Whenever I am trying to decide what to eat for breakfast, lunch, dinner or even a snack, I generally base it on my mood. After all, shouldn’t I eat what I feel like eating? No, this is not an excuse for you to overindulge yourself in eating something you might regret eating later on. Moderation and balance is key here! So, I decided to create a healthier alternative for Chipotle’s Burrito bowl. Plus, what if I told you that you could make the same crispy golden fries from McDonald’s at home? By making it at home, you can reduce the salt content and add your own flavours! I paired my fries with a honey garlic aioli with a dash of tangy hot sauce.
This is turned out to be an incredibly long blog post so I divided these recipes into two pages. Feel free to visit those recipe pages directly by clicking links below.
- 3 corncobs
- 1 medium size red onion
- 10-15 beef rib eye rolled (you can also use leftover grilled skirt steak or chicken)
- ¼ teaspoon garlic paste
- dash of dried thyme, paprika, cumin and cayenne pepper
- 1 tablespoon unsalted butter
- ½ lime
- salt & pepper
- 1 ripe red tomato
- green onions/scallions (garnish)
- 1 avocado
- chili flakes
- chopped kale leaves
- In a medium sized pot, add the three corncobs and water. Then let the pot boil; remove the husks if they were not removed when you bought them before cooking them in boiling water
- While the corncobs are cooking, wash then chop the kale leaves into shreds; you can chop them smaller to make them easier to eat
- Then dice the red onion and tomato
- Set the diced onion and tomato aside, then start cut the rolled beef rib eye in smaller pieces (about and inch or so in length); if you are using another type of protein, just cut them in bite size pieces (about the size of your thumb)
- Once the corncobs are cooked (it should take around 10 minutes or so), drain the water and set it aside to cool
- In a small pan, melt the butter then start sautéing the red onions (sprinkle some salt to bring out the sweetness of the onions even more)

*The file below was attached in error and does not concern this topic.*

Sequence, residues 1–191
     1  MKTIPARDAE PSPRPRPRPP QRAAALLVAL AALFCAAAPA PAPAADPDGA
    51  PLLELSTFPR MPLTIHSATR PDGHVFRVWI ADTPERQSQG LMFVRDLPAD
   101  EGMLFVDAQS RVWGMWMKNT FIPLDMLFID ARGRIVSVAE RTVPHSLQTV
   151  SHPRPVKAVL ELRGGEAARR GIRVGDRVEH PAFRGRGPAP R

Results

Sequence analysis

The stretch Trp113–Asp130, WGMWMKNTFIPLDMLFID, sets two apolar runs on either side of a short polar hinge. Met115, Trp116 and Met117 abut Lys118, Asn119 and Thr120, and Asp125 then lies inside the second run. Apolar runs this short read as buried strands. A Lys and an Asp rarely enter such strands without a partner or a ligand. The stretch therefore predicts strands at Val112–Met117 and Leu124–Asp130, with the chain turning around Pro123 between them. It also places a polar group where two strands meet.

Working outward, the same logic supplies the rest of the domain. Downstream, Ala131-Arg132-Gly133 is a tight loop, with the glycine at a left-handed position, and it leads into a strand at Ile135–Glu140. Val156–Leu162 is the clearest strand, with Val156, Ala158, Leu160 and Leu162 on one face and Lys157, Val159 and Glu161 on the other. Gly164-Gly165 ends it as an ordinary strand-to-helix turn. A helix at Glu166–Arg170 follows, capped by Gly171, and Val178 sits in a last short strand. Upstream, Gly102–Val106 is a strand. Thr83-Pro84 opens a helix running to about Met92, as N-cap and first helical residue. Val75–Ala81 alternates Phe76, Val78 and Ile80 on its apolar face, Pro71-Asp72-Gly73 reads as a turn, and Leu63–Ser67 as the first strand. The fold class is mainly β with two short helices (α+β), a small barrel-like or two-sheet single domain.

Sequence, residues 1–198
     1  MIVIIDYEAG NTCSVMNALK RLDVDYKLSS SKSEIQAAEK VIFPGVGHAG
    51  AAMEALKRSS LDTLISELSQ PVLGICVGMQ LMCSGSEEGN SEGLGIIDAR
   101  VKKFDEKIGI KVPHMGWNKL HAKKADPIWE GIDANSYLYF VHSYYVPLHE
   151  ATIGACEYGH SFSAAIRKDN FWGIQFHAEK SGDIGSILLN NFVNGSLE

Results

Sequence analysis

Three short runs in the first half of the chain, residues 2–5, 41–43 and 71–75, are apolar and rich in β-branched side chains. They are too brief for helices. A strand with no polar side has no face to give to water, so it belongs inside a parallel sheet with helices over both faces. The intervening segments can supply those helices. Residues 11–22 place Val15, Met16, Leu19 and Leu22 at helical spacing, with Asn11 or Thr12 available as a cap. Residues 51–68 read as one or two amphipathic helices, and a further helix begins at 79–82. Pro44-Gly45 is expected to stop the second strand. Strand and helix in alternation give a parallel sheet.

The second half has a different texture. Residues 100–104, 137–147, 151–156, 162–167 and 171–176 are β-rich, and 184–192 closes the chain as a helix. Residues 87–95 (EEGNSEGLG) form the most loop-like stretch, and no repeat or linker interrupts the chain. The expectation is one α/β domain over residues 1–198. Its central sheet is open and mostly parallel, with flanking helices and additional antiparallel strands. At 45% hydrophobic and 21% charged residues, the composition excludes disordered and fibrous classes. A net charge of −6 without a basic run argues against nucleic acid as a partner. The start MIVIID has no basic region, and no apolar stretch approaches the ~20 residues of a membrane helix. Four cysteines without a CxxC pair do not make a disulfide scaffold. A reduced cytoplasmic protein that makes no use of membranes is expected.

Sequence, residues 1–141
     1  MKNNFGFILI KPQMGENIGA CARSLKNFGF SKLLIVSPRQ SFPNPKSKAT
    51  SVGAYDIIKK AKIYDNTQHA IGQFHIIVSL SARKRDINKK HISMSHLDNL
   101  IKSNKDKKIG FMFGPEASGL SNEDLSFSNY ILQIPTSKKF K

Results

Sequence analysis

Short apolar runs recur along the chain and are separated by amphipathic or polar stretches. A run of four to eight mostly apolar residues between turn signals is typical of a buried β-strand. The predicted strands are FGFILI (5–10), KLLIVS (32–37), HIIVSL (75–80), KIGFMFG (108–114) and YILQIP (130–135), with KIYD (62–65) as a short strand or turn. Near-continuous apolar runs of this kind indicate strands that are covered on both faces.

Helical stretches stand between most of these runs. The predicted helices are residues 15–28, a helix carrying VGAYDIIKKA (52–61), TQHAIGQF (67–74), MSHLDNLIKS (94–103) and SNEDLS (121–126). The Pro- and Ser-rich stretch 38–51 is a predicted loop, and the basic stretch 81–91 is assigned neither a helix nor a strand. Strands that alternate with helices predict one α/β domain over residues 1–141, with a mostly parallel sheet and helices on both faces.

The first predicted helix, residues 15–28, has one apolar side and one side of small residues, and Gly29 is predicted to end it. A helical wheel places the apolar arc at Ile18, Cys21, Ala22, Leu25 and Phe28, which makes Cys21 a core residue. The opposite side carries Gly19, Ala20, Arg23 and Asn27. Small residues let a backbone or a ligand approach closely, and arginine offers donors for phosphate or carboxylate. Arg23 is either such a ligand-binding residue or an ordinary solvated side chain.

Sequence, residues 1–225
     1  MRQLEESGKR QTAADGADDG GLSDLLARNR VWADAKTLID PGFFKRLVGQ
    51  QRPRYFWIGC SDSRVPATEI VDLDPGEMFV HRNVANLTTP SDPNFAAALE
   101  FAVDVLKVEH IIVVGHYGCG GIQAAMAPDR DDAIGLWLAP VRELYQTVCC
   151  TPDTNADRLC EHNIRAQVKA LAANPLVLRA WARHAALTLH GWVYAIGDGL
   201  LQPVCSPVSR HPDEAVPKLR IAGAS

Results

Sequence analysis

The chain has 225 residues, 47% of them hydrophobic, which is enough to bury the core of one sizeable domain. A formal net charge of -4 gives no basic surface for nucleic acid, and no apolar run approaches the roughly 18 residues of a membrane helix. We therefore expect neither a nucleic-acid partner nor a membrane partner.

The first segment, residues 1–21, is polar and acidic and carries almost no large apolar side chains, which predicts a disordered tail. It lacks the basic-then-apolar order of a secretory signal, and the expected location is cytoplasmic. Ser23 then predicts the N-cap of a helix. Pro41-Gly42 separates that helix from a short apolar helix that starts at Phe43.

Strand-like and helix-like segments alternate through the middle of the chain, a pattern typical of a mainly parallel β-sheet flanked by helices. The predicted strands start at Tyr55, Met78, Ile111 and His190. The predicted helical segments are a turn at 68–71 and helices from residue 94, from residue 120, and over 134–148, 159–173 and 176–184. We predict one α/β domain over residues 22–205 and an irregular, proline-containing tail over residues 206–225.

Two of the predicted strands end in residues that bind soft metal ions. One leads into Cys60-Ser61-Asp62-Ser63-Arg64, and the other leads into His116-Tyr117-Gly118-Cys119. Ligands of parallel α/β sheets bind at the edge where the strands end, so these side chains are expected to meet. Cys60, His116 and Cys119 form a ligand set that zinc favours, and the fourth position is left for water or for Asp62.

- Once you notice that the onions are starting to get caramelized add the dried thyme, paprika, cayenne, and cumin. Let the spices cook a bit before adding ¼ teaspoon of garlic paste
- Then add the beef rib eye or the protein you’re using for the dish
- Let the beef rib eye cook (if you’re using raw like me) or if you’re using a leftover protein, just sauté the meat well so that the onions and spices are mixed well with the protein
- You may notice that there are some browning on the pan, use ½ lime and squeeze the juice to deglaze the pan
- Season with some salt and pepper then set it aside once the beef rib eye is cooked; you can ignore the beef rib eye conditional if you’re using another protein that’s already cooked
- The corncobs should be cool enough at this point so we can start separating the kernels from the cob by running your knife from the tip to the bottom of the cob; you can cut the corncob in half first then separate the kernel to prevent yourself from getting cut with the knife. Tip: make sure that the bottom of the corncob is secure before running your knife through the cob
- In a medium size bowl, combine the corn kernels and the protein and onions mixture with the freshly diced tomatoes
- Then in a large bowl, you can start assembling by placing the kale first then the corn mixture
- I added diced avocadoes on top and a simple homemade guacamole (1/2 avocado, ¼ teaspoon garlic paste, chili flakes, lime juice, salt and pepper; mashed using mortar and pestle)
- Chop green onion/scallions for garnish
You can also add cooked black beans and quinoa (instead of rice) into the mix. I just didn’t have it in stock when I made this dish. Also, definitely add some fresh cilantro into the corn mix! Again, I didn’t have it in stock but would recommend putting it into the dish.
- potatoes (I usually use whatever I have in stock, but you can use russet potatoes or yukon gold if you want a specific kind)
- vegetable oil
This is a super easy recipe and you can cook crispy fries different ways. I chose going traditional and frying them TWICE! But you can bake them in the oven as well. The key to a fry that is crispy on the outside and soft inside is blanch frying. This is basically a fancy term for frying the cut potatoes for a few minutes (around 3-5 min) then taking them out to rest for a bit. Once you blanche fried the potatoes, you can actually freeze them then cook them later on. Of course, before putting them in a bag to freeze, let them cool for a couple of minutes.
Another tip when frying fries: washing the cut potatoes in cold water and letting them sit in the cold water for a few minutes. Once you drain the water, it removes some of starch from the potatoes. That’s important because it helps with preventing the potatoes to brown or burn quickly.
Honey Garlic Aioli:
This is the easiest and one of my go-to sauces of all time. You can use it for dipping or on a sandwich as a condiment.
- salt & pepper
- garlic paste (or roasted garlic for more flavour and depth)
- hot sauce (your choice!)
In a small bowl (or if you’re using roasted garlic you can use the mortar then the pestle to combine all the ingredients together) put 2-3 tablespoons of mayo, 1 teaspoon of garlic paste, 1 teaspoon honey, 3-4 squirts of hot sauce and salt & pepper to season. Combine all the ingredients together and you have your aioli! Sometimes, I add dried herbs as well to add more flavour; dried parsley or basil works well.
Enjoy! Let me know what you think by leaving a comment below 🙂